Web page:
The reserve component of the CME has just completed a reorganization. Until recently the reserves had one Combat Engineer Regiment, three Field Engineer Regiments, and seven independent Field Engineer Squadrons. Three Canadian Brigade Groups had more than one engineer unit, and one (38 Canadian Brigade Group) did not have any units at all. Now the Field Engineer Regiments have been re-designated and/or amalgamated to become Combat Engineer Regiments, and the Field Engineer Squadrons have either been amalgamated to make new Combat Engineer Regiments or re-rolled as generic Engineer Squadrons.[3]

At the present all but 36 Canadian Brigade Group, 37 Canadian Brigade Group, and 38 Canadian Brigade Group are without a Combat Engineer Regiment to support it. 36 CBG has an independent Engineer Squadron. 37 CBG also has an independent Engineer Squadron, but has a second being stood up that is presently hosted by 1st Battalion, Royal New Brunswick Regiment with hopes that in the near future a Regiment can be established. 38 CBG previously had 21 Field Engineer Squadron, based in Flin Flon, Manitoba. It was however disbanded in 1995. In 2003, the Fort Garry Horse in Winnipeg, Manitoba began hosting what will become 31 Engineer Squadron. The Brigade hopes to start up a second Squadron somewhere in Saskatchewan.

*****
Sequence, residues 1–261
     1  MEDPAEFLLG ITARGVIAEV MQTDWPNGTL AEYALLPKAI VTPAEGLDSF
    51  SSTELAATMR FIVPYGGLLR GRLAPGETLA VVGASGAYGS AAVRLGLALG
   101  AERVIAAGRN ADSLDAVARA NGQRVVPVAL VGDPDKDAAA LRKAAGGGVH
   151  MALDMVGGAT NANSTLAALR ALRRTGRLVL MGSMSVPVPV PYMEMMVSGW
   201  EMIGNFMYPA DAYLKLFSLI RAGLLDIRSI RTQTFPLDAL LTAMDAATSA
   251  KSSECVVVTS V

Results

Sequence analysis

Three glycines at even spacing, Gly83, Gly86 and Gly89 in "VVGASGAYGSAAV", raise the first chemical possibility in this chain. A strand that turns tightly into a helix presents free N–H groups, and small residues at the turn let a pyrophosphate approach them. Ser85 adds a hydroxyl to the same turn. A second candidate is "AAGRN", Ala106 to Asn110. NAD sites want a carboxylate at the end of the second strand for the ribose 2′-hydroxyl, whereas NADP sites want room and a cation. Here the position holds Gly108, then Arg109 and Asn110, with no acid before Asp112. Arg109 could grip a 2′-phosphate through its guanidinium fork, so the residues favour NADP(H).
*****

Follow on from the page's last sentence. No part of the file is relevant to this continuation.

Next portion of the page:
Order of Precedence

Preceded by:
Royal Canadian Artillery
Canadian Military Engineers Succeeded by:
Communications and Electronics Branch

External links